We are all aware of the detrimental effects of acid rain, but most of us don’t understand what normal or heavy rainfall does to a city’s infrastructure. In New York, storm water runs off of the rooftops and other impervious surfaces (sidewalks and streets) and directly into the sewers. During heavy rains, the system is overburdened and often raw sewage and rain mix and run directly into our waterways. Green roofs can relieve this problem by absorbing up to 75 percent of rainwater, significantly diminishing the amount that runs into the sewers, helping control what can be a damaging and dangerous situation. Storm water runoff has also been identified as a contributor to water pollution, since it contains heavy metals and toxins carried from rooftops and sidewalks. Limiting this runoff will prevent these dangerous pollutants from passing into our waterways.

Looking for Leadership
Americans are just now catching on to what has been well established in other parts of the world for years. According to Earth Pledge, approximately 10 percent of Germany’s buildings now sport green roofs and Tokyo has mandated that useable space atop new buildings larger than 1,000 square meters must feature at least 20 percent green roof. The city of Toronto has even capped its City Hall with an experimental green roof that is open to the public.

Portland, Oregon, has been supporting eco roof projects since 1994, driven in large part by concern over storm water runoff. Unlike New York and other cities, Portland charges building owners a storm water runoff fee in addition to the one charged for sanitary sewer service. As an incentive, Portland set up a bonus program: developers are able to include extra floor area in a new building if a green roof is installed. The city also offers technical assistance and has helped finance several projects. The green roofs reduce the amount of storm water runoff and save the building owners money—a classic ‘win-win’ situation for individuals and the greater community.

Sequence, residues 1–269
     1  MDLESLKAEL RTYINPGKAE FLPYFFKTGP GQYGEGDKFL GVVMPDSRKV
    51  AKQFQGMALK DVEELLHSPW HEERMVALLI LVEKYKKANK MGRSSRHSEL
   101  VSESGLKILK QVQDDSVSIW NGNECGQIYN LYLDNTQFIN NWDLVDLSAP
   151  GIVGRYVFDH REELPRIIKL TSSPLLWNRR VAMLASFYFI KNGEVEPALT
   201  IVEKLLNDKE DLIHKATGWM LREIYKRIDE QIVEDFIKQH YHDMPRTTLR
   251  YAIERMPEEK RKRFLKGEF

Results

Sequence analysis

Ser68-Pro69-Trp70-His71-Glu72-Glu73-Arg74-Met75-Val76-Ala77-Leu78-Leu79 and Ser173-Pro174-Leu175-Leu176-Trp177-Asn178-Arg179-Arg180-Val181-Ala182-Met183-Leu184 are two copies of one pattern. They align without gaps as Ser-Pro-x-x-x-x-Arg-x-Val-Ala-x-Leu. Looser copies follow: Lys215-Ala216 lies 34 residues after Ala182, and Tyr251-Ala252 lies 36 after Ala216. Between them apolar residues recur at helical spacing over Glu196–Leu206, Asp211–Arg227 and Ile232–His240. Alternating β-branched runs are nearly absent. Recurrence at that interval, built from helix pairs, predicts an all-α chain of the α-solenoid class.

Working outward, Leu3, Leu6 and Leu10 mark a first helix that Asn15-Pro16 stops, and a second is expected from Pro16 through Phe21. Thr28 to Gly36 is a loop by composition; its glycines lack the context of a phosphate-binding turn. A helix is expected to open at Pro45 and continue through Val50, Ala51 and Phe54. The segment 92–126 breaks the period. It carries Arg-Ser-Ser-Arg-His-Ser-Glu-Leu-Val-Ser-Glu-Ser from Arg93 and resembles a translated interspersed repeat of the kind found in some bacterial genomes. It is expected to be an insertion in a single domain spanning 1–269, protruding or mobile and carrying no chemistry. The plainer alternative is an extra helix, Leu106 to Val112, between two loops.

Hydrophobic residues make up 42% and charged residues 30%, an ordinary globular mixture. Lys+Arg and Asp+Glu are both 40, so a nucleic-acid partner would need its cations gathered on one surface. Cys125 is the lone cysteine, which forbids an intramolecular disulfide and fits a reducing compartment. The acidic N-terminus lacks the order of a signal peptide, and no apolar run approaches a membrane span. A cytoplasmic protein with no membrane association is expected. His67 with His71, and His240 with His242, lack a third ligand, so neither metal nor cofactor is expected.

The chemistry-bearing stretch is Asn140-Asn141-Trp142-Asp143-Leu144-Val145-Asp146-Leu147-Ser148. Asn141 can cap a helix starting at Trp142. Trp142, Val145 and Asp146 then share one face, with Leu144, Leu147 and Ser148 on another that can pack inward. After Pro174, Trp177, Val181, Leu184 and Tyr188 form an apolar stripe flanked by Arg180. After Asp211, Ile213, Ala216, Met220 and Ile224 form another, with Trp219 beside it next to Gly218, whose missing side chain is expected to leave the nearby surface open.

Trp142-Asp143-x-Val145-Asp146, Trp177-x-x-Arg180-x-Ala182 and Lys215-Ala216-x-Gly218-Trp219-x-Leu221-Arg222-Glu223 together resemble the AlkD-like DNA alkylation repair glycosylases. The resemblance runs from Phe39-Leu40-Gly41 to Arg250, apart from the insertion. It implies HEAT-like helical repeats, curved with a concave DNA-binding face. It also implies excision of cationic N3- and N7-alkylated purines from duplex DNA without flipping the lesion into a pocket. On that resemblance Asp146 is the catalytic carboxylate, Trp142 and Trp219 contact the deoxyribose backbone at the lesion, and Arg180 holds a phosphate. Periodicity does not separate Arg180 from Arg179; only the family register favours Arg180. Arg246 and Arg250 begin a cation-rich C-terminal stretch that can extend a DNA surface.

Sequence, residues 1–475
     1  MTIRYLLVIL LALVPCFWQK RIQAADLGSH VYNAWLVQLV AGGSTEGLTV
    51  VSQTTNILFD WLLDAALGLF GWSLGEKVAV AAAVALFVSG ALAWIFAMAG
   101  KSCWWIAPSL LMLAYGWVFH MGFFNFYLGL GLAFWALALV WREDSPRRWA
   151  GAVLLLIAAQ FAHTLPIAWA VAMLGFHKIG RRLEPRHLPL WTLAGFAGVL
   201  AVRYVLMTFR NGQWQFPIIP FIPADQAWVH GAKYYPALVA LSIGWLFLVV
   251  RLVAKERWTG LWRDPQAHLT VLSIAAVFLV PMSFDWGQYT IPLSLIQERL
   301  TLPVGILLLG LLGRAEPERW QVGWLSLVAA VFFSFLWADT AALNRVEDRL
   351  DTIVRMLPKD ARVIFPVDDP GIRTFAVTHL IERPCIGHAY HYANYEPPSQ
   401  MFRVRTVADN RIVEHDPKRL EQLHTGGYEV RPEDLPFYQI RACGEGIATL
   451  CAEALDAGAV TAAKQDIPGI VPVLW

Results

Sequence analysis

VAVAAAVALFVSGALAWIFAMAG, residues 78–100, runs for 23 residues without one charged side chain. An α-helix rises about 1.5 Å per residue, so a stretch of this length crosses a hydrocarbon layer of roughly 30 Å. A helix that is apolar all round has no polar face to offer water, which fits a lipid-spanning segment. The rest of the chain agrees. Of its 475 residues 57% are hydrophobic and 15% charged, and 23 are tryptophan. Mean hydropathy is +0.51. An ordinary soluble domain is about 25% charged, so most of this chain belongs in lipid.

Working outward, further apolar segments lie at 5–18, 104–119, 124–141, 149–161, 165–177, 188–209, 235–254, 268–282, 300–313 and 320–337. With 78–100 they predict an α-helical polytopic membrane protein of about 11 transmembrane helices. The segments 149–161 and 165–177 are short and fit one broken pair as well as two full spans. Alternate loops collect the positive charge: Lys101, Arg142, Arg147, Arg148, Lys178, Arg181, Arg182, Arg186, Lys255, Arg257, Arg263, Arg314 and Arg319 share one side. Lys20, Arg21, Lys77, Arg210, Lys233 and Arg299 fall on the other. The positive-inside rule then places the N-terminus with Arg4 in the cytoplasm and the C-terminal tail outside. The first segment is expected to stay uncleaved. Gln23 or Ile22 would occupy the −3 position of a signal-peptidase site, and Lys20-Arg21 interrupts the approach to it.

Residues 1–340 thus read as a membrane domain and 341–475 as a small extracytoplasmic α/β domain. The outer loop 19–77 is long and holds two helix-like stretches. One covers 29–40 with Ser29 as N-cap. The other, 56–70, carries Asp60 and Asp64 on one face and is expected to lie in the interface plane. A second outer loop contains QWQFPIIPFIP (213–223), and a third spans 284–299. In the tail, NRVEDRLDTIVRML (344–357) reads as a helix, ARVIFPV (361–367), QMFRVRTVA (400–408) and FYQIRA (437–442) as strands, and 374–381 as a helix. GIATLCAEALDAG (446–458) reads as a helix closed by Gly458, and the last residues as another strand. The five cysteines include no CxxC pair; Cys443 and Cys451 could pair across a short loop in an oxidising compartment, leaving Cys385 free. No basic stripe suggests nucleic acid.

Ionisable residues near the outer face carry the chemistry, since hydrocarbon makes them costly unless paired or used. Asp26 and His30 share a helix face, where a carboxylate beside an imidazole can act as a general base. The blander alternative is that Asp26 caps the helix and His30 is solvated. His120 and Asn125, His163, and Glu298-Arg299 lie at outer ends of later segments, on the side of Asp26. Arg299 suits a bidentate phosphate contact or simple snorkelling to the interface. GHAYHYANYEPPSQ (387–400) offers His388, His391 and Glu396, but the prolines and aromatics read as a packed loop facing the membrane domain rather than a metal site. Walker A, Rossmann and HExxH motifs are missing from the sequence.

Green Roofs = Greenbacks
Colin Cheney believes that cost is still the greatest obstacle to implementation of green roofs in New York City. While many different sectors, from private developers to the City government, have expressed interest, the technology is still new enough everywhere in the U.S. that there is a lag between product development and the education and experience of local professionals in the market. Cheney indicated that, Earth Pledge “is helping to spur the local industry, to bring [green roof] projects to qualified professionals.”